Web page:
COLLEGE SENIOR CONFRONTS A CHEATING ACCUSATION
I’ve had quite a few thoughts about my experience, having been accused of cheating so close to graduation and being innocent of the violation I was being accused of. During the situation, I had this looming sense of doom and hopelessness that permeated my mind for the weeks that I was trying to prove myself innocent or waiting on the next step in the process. Perhaps this was a product of my worry-prone personality, but graduation felt so close and so far simultaneously. I was running through every scenario in my head–What if I was unable to prove my innocence in the matter and my graduation was delayed? My job offer following graduation would surely be rescinded and even after continuing school, I would have to live with the dishonor of having a cheating incident noted on my transcript whenever I would apply for jobs. Then the fear became irrational–What if they didn’t allow me to graduate ever? What if I were expelled? Would I even be able to transfer universities and finish college? What would my life look like then?
I gained one very important realization about myself out of those weeks of constant stress: I always felt like I had to control everything. I realize now that it is arrogant to think that everything can be under one’s own control with sheer determination. There is a time to wait; a time to accept that you’ve done all you can do and you’re waiting on the next step in the process. There are resources, as well, that can help you–loved ones to help you feel more reassured and connect you with other resources (legal/advice- wise), campus student groups (normally organized under the student government) that can help walk you through what to expect in the process and provide time lines and if it comes to it, advocate for you, and witnesses that may be able to help further your case.
Having said that, there are a few items that I found are good steps to take. As a disclaimer, these are steps I personally took, but there is no guarantee it will clear your name. Part of that is how you present your information and how the officials interpret it, or what they find to be valid pieces of evidence. Preserve all files, including work-in-progress and capture creation and modification dates and times. This will help you substantiate the time line and walk the staff or governing board through your thought process. Make contact with any staff that helped you perform your work and reason through the process. If they are comfortable doing so, they can be an invaluable and essential resource to proving your innocence.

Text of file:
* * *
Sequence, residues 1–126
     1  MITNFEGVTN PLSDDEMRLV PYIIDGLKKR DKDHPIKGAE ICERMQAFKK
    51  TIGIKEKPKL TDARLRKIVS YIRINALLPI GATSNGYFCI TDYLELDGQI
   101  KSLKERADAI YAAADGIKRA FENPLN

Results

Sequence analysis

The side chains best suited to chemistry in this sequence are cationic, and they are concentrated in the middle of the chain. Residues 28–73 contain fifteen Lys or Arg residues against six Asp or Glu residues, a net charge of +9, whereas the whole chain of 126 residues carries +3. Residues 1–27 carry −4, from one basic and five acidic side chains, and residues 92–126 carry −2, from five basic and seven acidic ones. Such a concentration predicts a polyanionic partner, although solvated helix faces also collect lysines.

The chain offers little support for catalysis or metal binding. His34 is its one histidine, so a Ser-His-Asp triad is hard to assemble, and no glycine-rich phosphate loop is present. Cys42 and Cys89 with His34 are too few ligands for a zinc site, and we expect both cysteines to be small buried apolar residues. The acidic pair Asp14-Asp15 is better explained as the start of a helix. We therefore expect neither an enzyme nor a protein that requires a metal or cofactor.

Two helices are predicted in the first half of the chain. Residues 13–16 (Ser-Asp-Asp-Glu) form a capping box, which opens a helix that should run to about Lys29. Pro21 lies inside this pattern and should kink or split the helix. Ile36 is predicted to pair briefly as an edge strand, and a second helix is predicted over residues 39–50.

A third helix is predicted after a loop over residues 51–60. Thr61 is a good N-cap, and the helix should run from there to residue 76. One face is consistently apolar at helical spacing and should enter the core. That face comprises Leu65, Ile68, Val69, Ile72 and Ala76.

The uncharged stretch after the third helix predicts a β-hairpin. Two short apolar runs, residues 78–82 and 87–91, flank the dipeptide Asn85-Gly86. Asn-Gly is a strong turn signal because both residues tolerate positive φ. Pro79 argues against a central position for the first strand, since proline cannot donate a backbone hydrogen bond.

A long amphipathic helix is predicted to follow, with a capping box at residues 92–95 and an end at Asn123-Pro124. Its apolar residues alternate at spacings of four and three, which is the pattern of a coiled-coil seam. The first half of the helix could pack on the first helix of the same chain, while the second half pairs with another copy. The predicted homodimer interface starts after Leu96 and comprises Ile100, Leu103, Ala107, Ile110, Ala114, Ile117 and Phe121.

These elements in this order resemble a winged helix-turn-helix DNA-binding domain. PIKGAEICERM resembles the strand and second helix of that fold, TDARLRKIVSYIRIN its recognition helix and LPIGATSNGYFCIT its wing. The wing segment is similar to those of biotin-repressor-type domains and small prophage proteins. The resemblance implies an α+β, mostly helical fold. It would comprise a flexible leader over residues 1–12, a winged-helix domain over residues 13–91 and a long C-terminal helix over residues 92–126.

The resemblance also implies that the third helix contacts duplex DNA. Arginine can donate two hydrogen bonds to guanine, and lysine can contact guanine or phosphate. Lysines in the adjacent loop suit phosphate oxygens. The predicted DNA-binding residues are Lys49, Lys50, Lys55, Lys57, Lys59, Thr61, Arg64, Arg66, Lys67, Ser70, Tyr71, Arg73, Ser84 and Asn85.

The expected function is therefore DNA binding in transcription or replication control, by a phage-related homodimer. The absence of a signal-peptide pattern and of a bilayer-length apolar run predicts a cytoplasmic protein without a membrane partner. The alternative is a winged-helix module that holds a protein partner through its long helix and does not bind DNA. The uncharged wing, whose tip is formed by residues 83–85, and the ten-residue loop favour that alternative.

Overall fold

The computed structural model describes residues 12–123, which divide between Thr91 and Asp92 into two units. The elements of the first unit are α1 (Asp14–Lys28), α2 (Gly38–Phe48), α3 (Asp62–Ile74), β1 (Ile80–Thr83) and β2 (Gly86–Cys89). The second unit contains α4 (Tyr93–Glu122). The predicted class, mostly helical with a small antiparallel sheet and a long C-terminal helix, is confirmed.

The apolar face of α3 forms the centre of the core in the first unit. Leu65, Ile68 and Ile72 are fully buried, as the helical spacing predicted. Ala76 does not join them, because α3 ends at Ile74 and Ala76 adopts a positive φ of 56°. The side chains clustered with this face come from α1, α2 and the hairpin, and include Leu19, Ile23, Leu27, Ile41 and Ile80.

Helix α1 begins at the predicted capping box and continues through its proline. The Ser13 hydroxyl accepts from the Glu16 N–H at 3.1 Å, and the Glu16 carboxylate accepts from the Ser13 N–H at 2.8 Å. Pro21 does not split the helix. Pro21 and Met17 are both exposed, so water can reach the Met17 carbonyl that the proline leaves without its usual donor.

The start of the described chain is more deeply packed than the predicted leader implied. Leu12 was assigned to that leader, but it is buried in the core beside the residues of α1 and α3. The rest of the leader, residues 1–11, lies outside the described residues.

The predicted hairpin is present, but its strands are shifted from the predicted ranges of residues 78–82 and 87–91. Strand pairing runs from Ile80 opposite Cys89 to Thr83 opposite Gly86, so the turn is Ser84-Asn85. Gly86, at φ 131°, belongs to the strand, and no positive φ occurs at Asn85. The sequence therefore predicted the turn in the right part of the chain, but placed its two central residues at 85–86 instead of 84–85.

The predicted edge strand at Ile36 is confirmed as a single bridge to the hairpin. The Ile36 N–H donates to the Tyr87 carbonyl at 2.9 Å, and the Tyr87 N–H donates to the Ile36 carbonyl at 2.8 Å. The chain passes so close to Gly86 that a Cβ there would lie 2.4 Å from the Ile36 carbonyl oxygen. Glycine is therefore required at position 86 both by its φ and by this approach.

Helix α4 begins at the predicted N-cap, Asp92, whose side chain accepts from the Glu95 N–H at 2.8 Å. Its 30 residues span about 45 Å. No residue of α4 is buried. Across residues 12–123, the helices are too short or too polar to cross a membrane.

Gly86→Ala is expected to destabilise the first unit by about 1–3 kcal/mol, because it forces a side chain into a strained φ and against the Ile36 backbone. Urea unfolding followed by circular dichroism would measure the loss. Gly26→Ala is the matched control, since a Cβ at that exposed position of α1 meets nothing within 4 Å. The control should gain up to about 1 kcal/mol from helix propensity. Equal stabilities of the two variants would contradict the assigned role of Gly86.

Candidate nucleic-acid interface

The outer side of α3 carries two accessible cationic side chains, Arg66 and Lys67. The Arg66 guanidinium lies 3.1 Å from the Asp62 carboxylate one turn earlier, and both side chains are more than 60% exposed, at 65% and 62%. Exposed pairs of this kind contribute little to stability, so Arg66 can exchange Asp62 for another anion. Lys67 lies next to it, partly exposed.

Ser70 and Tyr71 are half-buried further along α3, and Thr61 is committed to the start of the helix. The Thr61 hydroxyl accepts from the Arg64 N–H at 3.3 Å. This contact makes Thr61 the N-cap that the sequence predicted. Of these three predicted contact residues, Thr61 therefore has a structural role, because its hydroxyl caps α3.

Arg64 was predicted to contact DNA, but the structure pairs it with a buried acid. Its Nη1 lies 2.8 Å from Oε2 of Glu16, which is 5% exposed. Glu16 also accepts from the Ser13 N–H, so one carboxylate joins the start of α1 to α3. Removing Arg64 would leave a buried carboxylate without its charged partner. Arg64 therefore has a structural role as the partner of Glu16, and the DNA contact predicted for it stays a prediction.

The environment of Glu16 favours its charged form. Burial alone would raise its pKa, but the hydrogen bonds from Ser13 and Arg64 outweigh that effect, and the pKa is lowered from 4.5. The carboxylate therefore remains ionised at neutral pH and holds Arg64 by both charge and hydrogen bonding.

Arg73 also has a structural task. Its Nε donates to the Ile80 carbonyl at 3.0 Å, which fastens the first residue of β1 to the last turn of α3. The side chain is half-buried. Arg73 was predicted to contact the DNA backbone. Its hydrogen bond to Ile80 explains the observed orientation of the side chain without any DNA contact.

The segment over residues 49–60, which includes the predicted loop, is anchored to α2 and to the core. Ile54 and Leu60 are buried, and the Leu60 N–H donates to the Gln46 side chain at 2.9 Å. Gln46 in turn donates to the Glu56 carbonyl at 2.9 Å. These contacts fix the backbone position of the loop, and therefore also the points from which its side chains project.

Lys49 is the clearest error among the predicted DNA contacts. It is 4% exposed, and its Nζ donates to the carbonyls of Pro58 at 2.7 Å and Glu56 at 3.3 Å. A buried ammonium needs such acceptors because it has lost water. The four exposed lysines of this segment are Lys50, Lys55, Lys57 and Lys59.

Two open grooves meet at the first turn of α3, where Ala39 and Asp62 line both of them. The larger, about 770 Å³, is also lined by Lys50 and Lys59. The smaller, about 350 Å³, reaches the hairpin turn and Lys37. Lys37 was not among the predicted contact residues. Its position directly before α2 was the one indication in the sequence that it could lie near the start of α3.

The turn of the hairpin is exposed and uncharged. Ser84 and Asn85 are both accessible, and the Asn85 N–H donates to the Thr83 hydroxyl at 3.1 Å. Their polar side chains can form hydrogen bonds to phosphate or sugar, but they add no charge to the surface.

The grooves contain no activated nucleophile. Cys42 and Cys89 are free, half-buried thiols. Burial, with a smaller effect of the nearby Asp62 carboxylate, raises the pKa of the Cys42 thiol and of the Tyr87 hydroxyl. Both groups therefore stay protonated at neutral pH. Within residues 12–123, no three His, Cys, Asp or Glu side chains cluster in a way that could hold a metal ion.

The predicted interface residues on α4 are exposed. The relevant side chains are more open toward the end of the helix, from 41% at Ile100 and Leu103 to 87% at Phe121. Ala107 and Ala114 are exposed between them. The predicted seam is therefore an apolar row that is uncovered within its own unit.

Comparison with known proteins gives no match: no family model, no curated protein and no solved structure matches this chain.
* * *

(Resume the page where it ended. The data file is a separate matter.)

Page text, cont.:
After some conversations with campus student legal resources, there seems to be a conflict-of-interest by which it’s the professor’s word against the student’s, with the university seeming to have a predisposition toward the professor. In the end, it’s up to you to prove systematically and with tact that you have not committed a transgression. Witnesses such as professors or graduate assistants that have helped you with the course work help to strengthen the legitimacy of the case. As you would likely guess, it’s not particularly helpful to become excessively emotional when presenting evidence or claiming a professors’ irrationality. If you need help preparing your case or finding out who to present to, or the order of people to which you should present your information to, perhaps seek counsel from an attorney. Some universities don’t allow attorneys to be present at certain meetings without prior notice, so that should be checked beforehand.
In general, remember to breathe and not go down the rabbit hole of “what if ” scenarios. Do everything you can to prepare, list out and contact your resources, and continue your schoolwork to show that you will continue to excel (if your name is cleared, you will still need to pass the class, so do not stop working on account of an investigation).